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Competitors stretch limits of dough at Pizza Expo in Las Vegas

Updated March 6, 2019 - 9:42 pm

It was much too warm for any of the moisture falling from the sky over the Las Vegas Convention Center on Wednesday to turn to snow, but plenty of white stuff was flying around inside.

At the World Pizza Games — part of the annual International Pizza Expo — you might say contestants were rising to the occasion, and flour coated them, the stage and competition tables. There was so much flour an employee with a push broom took to the stage between heats, the effort mostly in vain.

There were two competitions Wednesday, each with a top prize of $1,000. And people had come from as far as Finland and Brazil to take part.

First up: The Pizza Triathlon, in which contestants had to fold a pizza box and stretch two 22-ounce balls of dough to fit circular pizza screens, one 16 inches in diameter, the other 24 inches. The contestant who accomplished all three tasks fastest was the winner. This is not child’s play; the dough had to completely cover the screens, with no holes larger than a No. 2 pencil, and times were recorded to the hundredth of a second.

Several Finns competed in the triathlon, two of them barefoot. Maria Karjalainen and Katja Korkko — who represented Koti Pizza, reportedly the largest pizza chain in the Nordic countries with 1,700 employees — removed their shoes, Karjalainen said, because “The floors are so slippery.”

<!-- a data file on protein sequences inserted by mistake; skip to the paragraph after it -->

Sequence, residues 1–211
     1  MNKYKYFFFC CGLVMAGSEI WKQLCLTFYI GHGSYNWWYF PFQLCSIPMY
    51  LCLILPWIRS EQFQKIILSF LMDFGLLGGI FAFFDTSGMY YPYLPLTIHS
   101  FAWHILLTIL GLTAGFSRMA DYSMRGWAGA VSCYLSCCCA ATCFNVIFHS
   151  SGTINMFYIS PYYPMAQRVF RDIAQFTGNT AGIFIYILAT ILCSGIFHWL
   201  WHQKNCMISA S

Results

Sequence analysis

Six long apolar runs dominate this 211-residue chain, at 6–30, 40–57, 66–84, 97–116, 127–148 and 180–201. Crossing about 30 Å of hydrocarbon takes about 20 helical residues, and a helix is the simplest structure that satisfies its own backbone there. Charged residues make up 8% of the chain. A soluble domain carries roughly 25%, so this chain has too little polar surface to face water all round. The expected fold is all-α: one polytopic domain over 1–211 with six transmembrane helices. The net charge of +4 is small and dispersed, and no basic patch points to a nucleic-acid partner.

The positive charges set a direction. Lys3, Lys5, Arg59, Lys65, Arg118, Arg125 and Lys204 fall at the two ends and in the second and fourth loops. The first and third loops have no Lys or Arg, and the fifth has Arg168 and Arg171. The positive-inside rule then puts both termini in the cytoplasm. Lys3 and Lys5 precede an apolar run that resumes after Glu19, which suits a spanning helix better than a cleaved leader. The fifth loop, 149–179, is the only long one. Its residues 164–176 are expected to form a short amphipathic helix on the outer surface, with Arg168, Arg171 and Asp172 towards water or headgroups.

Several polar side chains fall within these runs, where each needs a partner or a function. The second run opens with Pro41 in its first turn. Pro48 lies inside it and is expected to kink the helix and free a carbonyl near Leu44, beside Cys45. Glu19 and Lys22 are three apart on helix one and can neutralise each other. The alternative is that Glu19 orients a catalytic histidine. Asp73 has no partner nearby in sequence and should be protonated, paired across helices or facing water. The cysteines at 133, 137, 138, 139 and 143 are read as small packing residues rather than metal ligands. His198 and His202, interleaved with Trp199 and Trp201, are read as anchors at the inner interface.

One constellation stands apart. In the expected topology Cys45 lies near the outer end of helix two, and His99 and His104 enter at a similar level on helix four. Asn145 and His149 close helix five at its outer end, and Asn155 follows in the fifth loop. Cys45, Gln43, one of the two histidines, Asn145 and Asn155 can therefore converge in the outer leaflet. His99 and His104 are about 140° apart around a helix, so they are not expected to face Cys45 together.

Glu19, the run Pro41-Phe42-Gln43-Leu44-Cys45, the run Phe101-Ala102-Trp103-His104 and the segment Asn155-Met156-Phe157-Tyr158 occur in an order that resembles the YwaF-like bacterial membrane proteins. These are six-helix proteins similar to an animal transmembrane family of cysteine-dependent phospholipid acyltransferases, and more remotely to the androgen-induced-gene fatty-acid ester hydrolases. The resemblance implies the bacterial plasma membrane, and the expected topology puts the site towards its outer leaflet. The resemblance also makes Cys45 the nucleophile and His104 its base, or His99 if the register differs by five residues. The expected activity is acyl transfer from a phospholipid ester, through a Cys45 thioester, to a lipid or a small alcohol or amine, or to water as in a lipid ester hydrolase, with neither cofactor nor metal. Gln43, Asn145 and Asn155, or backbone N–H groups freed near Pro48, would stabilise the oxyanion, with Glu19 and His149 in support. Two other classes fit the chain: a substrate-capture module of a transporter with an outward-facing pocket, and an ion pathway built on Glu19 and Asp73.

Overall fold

Korkko took the preliminaries but was bested in the finals by Mitchell Rotolo Jr. of Rotolo’s Pizza of Baton Rouge, Louisiana, who won a dough-stretching event last year and was, it seemed, just pacing himself in the earlier round.

Then it was on to the Largest Stretch, in which each competitor has five minutes to stretch his or her dough as large as possible, using the floor for the last 20 seconds. Like the triathlon, the rules for this one are clearly stated.

“You can’t use weird body parts to make it work,” cautioned master of ceremonies Michael Shepherd, explaining that only hands and arms are allowed; a contestant couldn’t, for example, use a foot to stretch that dough down to the floor. And the “lick and stick” practice is strictly prohibited, which means a contestant wouldn’t be allowed to lick the edges of the dough and stick them to the floor. Which, apparently, had been tried in the past.

What the contestants could and would do is stretch the dough until it was nearly translucent. The winner would determined by judges measuring the diameter of the pizza’s largest expanse while it’s on the floor. Jumping up and down at the completion of a heat or stomping one’s feet to shake off the flour were prohibited because the vibration could cause a competitor’s dough circle to contract.

Excitement picked up during the Largest Stretch, which brought more than a dozen competitors, many with their own cheering sections. In this pizza-centric crowd, the theme was evident, showing up on T-shirts with slogans like “Death Before Deep Dish,” the familiar skull-and-crossbones illustration replaced by a slice of pizza and crossed pizza cutters, and pants made of cow-printed fabric, worn by employees of a cheese company.

Some cautioned their friends to keep quiet, because “You’ll distract her.” Others were more vocal, with one exhorting returning champion Matt Hickey of Caliente Pizza and Drafthouse in Pittsburgh, “Holy mother, keep going, baby, keep going.”

It was all for naught, though, as Hickey was beaten by Nathan Wilson of 600 Downtown in Bellefontaine, Ohio, whose dough measured 103.95 centimeters, nearly 41 inches in diameter.

Contact Heidi Knapp Rinella at Hrinella@reviewjournal.com or 702-383-0474. Follow @HKRinella on Twitter.

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